On one hand, they have Mitt Romney, who until recently seemed like the perfect candidate. The former Governor of Massachusetts announced he was running for President in April of 2011, though most of us have been expecting it since 2008 election. He comes from a New England state that was first to legalize gay marriage and incredible liberal universal healthcare system, also first, where even a Republican could look like a Democrat, especially in the South and Southwest. Coming back this time around, after loosing the 2008 Republican primary to Senator McCain, Romney is looking well groomed, more conservative, and well funded. He’s had three years to plan to take on President Obama, and as a former businessman, in this tough, economy he just may.
On the other hand, there is the battle for second from former Governor Sarah Palin. Governor Palin put together a powerful “Tea Party” — and fares well with the more conservative base. I don’t believe Governor Palin is serious about her election, making me believe that the real second place contest is the Texas former Governor Rick Perry, who changes the game some.
In the past, there would be little debate, Romney would have the cat in the bag. But with the primary election dates up in the air, his chances could be shy of the numbers he needs in order to cinch the deal, taking second to Governor Perry.
I’m not very good at math, but even I can figure out that Perry, by the numbers, has a good chance of winning the Republican primary, despite Romney’s strong fundraising infrastructure.
In the past, the way Romney is running would work. He is caucusing in the early primary states of the past. But with the dates being extended, going into mid-summer and less importance being placed on Super Tuesday, Perry might have a lead. Especially if Perry can win his home state of Texas with their whopping 140 delegates, as well as much of the southern states, and Romney continues to move toward the right.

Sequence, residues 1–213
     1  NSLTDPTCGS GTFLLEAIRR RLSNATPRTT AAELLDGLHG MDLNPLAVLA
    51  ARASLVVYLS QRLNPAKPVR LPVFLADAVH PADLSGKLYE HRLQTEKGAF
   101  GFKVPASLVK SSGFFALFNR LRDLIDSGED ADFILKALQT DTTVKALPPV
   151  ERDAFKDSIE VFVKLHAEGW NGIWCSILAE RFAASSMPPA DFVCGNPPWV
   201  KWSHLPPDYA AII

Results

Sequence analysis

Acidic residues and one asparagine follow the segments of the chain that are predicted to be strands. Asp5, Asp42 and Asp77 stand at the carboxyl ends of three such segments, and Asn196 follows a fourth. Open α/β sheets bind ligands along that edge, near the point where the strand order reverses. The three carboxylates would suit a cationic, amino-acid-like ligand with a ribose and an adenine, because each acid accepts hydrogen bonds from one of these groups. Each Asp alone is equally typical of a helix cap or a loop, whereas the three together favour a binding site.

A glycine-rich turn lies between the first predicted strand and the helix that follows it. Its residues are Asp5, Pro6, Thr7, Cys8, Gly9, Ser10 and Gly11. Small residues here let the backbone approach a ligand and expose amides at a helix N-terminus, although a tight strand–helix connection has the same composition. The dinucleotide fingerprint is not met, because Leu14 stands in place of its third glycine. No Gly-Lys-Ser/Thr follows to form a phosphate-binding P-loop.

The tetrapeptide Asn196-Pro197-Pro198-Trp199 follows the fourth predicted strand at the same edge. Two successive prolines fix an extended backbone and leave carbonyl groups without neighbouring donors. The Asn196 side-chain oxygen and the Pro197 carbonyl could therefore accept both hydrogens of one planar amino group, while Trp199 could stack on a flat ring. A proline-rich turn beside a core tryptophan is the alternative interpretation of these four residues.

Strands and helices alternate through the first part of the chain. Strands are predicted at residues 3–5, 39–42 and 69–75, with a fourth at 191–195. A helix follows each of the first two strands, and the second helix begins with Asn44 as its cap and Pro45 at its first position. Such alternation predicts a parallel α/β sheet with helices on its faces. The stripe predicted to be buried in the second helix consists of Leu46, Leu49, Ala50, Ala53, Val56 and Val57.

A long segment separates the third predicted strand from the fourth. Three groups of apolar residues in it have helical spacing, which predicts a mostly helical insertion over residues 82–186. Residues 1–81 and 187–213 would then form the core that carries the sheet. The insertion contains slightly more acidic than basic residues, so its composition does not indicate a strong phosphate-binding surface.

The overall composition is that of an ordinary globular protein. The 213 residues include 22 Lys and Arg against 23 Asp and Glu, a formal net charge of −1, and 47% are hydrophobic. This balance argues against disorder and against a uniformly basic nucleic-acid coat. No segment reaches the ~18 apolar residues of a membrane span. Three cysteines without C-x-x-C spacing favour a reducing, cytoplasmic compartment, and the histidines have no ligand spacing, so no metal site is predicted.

Perry fairs well with the GOP’s tea party, and in hopes of picking up those votes Romney’s move toward is already getting him the “flip-flop” image that could be used against him. Let’s not forget how that ruined Senator Kerry in the 2004 Presidential election. Meanwhile, Perry is moving more toward the center, in order to appeal to the non-tea party crowd. The difference is the way these two men are attempting to take these steps in order to win the delegates needed to face President Obama, whose approval rating is plummeting, in the general election. Romney is simple making the political moves, while Perry is standing behind his tea party, small government ideology.
Take for instance, his stand on gay marriage. Already, polls indicate that more people support gay marriage nationwide, then don’t. That’s a problem if you’re from the party of no. Romney, though he let it become law in his state, has backed away from it. In fact, it turns out; he never really was in favor of it.
Perry on the other hand, is standing behind the “it’s a states right,” stand, claiming that the federal government has no business in the bedroom. His reasoning keeps his tea party base, but brings the more liberal leaning Republicans, like those in California and New York (and other New England states) to his side. If Perry can fair well in Texas, taking, say 80-100 of Texas’ primary, as well as more than less of those in California and New York, and has a strong platform by winning several of the southern states, he could win.
And Governor Perry winning is a problem for President Obama. Though Romney does fair well in polls matched up against the President, who knows how Perry will factor in. And few know how much of Romney’s affiliations with the Church of Latter Day Saints will influence the election. If played right, Perry could do exactly what President Obama did in 2008 in beating Secretary Clinton, and quite possibly, be the Republican that unseats the President, who is facing more criticism than ever as debt ceiling talks continue, and unemployment continues to rise.